I want to talk a little bit about a
system of composition which I have been developing for many years now, which
has helped me and many other people to reach breakthroughs and understandings
about music – harmony, improvisation, and all areas of playing and writing
music. It’s called the Triune System of Composition.
I think of the most important parts
of music as being divided into three’s. For example: rhythm, melody and harmony
are the three essential elements that make music. In fact the word triune in
music means music that has a threefold function.
All music that is played in keys is
called key center, diatonic, or tonal music. The definition of music in keys
is: Major-Minor-Triadic Modality. That means that all music played in keys can
have only two harmonic functions: Major or Minor. This is the basis of
harmonization in key centered music.
Because Dominant chords are so
distinct in their sound, I think of them as a third harmonic function. So when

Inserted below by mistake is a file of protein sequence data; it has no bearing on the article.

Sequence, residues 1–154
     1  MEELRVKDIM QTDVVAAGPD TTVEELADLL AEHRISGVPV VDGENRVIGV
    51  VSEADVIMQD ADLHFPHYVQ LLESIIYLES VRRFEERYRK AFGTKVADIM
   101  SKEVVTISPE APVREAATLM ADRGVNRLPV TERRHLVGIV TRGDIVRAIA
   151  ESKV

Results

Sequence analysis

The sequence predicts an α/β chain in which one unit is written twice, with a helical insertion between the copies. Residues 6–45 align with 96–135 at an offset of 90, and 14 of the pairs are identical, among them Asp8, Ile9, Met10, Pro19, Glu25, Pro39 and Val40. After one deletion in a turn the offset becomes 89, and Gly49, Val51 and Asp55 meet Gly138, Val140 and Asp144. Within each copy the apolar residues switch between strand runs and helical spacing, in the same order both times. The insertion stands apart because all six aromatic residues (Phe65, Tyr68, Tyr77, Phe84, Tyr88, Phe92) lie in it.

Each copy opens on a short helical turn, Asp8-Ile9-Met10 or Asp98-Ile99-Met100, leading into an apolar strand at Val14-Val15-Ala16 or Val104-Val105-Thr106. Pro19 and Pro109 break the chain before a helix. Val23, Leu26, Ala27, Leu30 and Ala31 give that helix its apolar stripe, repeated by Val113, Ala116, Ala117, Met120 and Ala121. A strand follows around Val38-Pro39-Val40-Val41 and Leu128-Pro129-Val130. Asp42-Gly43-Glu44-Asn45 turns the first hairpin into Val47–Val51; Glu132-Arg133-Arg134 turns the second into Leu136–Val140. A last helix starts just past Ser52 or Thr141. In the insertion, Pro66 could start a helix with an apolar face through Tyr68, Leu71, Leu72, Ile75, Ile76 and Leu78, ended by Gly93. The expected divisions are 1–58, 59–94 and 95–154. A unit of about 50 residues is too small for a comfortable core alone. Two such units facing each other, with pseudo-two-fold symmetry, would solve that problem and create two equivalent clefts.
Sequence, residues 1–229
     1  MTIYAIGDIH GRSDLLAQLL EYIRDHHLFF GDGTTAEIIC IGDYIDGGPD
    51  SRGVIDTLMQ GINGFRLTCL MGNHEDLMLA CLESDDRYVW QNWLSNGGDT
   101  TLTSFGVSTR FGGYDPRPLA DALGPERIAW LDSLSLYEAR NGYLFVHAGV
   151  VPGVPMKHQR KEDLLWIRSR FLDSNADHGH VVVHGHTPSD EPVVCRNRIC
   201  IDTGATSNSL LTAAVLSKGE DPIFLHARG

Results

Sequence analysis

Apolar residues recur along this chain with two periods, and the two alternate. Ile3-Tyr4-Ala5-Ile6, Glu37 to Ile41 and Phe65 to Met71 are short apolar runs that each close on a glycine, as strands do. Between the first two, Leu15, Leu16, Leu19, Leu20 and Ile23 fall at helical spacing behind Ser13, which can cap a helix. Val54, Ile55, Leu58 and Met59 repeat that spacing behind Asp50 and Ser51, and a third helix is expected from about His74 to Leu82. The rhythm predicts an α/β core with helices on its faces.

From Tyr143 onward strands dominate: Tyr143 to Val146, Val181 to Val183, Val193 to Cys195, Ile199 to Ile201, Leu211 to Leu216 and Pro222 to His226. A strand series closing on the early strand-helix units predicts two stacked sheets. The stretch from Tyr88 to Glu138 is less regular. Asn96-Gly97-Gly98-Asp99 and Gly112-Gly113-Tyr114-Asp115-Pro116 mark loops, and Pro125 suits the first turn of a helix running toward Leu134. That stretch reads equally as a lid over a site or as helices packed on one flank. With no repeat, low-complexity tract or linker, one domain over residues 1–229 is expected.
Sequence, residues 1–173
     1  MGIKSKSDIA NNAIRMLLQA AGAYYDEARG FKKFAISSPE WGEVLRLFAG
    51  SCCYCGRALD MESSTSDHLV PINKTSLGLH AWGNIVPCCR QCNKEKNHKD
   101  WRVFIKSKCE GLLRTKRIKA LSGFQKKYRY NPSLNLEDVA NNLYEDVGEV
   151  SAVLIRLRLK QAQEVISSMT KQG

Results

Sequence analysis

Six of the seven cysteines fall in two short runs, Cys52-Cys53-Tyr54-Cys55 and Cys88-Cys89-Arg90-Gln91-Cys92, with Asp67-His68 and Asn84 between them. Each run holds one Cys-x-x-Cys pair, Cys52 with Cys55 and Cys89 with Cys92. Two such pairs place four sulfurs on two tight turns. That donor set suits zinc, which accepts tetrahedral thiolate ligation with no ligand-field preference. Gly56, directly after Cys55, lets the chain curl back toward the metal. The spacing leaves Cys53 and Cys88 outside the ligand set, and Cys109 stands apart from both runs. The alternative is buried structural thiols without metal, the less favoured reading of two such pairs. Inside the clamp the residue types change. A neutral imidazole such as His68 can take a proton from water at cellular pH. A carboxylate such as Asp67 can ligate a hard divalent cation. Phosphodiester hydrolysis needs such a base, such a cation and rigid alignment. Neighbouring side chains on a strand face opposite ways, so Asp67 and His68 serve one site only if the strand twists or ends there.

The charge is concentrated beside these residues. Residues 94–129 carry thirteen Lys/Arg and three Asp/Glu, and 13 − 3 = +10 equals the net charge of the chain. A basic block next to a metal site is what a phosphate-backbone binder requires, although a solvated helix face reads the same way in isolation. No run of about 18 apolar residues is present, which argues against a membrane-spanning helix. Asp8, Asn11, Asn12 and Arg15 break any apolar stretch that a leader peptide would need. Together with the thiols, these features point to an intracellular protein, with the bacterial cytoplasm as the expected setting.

we play music in keys, which is the majority of the music we play, everything
we play must function as a Major, Minor, or Dominant harmony.
The secret, however, is that they
are all interchangeable. One may use a Major chord for a Minor or a Dominant
chord, or a Minor for a Major or a Dominant chord, or vice versa. You just have
to know which ones to use.
Well here’s the trick: when I play
a Dominant chord, which Major or Minor chord can I substitute for it? Or, in
other words, what Major and Minor chord are the equivalents of that Dominant
Here it is:
C Major is equivalent to A Minor
and D Dominant. Try playing any kind of A Minor or C Major chord or lick
against a D Dominant chord.
Try these variations and play, for
example, a blues scale in A Minor over a D 7th chord or a C Major 7th arpeggio, which is C, E, G, B over a D 7th chord.
So let me know if you have
questions, and some of the things you come up with and I’ll continue next week.
See you soon,